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featureed image Published 2016-04-12, by Seth Jacobsen

What's the Connection Between Inbound Marketing and Channel Marketing?

Think that Channel Marketing and Inbound Marketing are unrelated? The importance of connecting these two strategies becomes more apparent as your channel program grows. Inbound content marketing is proving to be a true paradigm shift in the world of marketing, an approach which is flexible enough to be applied to virtually any form of marketing today. As businesses become more global, we're now seeing content marketing spread around the world and is adopted in a wide variety of industries. Chances are this includes yours.

What makes this inbound \ channel marketing convergence interesting is that it offers several potential permutations. Materials can be made targeting partners, targeting customers, or even a mixture of the two. This gives businesses a lot of options in the creation of content, as well as bringing plenty of opportunity to re-purpose materials across different channels for greater marketing ROI.

Breaking It Down: Five Ways To Look At Converged Inbound Channel Marketing

There are five basic strategies that can be deployed here, or freely mixed-and-matched, which all aim to achieve different goals within a channel partner ecosystem.

I. To-Partner

To-Partner inbound channel marketing is effectively the same as standard inbound marketing, treating channel partners as the target audience. An example of targets here would be retailers actively seeking out new brands to carry.

Good content would focus on the positive aspects of your brand as partner, not just the positives of your product. You would be selling yourself and making you look more appealing to sales channels who have a lot of options in brands they could potentially carry, as well as keeping hold of their mindshare.


READ MORE: CMO's Guide to Managing an Indirect Sales Channel

II. Through-Partner

Through-Partner inbound marketing is largely aimed at making life easier for your partners. You create materials, which they leave largely unaltered (aside from co-branding) and pass on to their own leads and customers. Through-Partner content strategies also give you considerably more control over the presentation of your product, and help ensure your partners stay on-message.

There are a lot of options here, including blogs, emails, video presentations, or even demos. Plus, since many smaller partners lack the manpower or budget for extensive content investment, this strategy will ultimately pay off for both you and them.

III. With-Partner

With-Partner content is created collaboratively, combining efforts to create content that has the proverbial 'best of both worlds.' The target is almost always the end customer\clients.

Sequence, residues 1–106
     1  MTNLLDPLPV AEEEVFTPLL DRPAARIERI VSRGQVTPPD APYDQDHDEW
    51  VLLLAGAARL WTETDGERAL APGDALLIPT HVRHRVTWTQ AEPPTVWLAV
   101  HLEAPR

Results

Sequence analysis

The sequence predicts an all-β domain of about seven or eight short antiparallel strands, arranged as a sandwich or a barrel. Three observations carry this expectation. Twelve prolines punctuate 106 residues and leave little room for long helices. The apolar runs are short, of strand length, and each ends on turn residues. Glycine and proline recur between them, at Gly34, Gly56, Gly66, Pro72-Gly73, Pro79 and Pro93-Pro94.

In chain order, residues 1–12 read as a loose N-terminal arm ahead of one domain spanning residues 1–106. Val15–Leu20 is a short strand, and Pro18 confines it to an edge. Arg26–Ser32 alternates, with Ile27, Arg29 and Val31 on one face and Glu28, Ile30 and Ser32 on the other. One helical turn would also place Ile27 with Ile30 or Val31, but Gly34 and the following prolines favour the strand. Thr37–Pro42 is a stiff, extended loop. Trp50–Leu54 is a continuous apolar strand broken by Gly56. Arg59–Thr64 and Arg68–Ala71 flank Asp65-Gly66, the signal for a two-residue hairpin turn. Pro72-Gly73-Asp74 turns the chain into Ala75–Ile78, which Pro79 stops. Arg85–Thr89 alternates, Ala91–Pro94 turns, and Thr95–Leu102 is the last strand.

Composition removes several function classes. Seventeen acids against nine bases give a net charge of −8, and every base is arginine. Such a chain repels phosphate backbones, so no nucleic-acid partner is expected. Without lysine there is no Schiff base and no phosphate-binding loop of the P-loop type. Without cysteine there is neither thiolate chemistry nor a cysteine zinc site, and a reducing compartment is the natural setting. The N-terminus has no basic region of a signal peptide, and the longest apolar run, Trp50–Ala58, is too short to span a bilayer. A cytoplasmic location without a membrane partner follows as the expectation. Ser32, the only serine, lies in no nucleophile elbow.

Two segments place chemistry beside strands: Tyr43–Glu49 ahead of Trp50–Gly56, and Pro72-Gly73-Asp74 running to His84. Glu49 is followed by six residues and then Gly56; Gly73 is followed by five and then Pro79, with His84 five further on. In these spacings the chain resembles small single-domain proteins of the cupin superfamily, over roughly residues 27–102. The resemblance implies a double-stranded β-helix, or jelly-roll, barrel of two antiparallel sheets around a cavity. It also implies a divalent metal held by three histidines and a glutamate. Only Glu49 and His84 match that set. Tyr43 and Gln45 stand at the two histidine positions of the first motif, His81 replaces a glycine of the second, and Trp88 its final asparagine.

Possible examples are numerous. A manufacturer might be largely unaware of the specifics of selling their product to customers. With-Partner materials would combine manufacturer-created specifications with sales information developed by the 'on-the-ground' sales team to overcome objections and pain points. Or, videos could be collaboratively developed, with material filmed both at the manufacturing plant and at local sales offices, giving a full overview of the company ecosystem for potential buyers.

IV. For-Partner

For-Partner content is developed almost wholly by the top-level company for the benefit of partners. In other words, a manufacturer openly promoting some of their own channel partners. For example, many franchise-based brands will do "highlight" blogs shining a spotlight on a particular local franchise, thus driving traffic towards that partner.

This is a good idea in content marketing terms, but may create political problems within the ecosystem if other partners feel left out. However, this also makes a great reward to offer for your top-performing partners. There should be a perception of fairness however it's implemented, to prevent hurt feelings.

V. Internal-Partner

Finally, there are Internal-Partner materials. These are materials which are solely for internal use with a partner company, and would rarely (if ever) be seen by the public. Most training materials would fall under this heading, as well as more specific documents such as sales scripts or troubleshooting guides.

These could sometimes be part of To-Partner materials, used to demonstrate how easy you are to work with. However, their production and dissemination will likely continue throughout the partnership. If a company has a good Channel Relationship Management software package, they can create a central repository of such materials that all partners can refer to whenever they need it. This creates lasting long-term value for partners.

Bridging Channel and Inbound Marketing Is Win-Win

In short, if you're still thinking of inbound content marketing as solely a customer-facing activity, you might consider broadening your horizons. Looking at content marketing as a full-ecosystem activity opens up many new possibilities for pushing content out there. Once it's created, such content can be used and reused many times, in many different formats, across the ecosystem.

Plus, having a large repository of content available for your partners would be a major selling point of your own, making it easier for them to connect with their own customers.

It's the next logical step for content marketing, and one we expect to see expanding in usage over the years to come.

An effective inbound marketing campaign is just one area of supporting your channel partners. If you are looking for more information on ways to improve your indirect sales, check out our Channel Program Blueprint.


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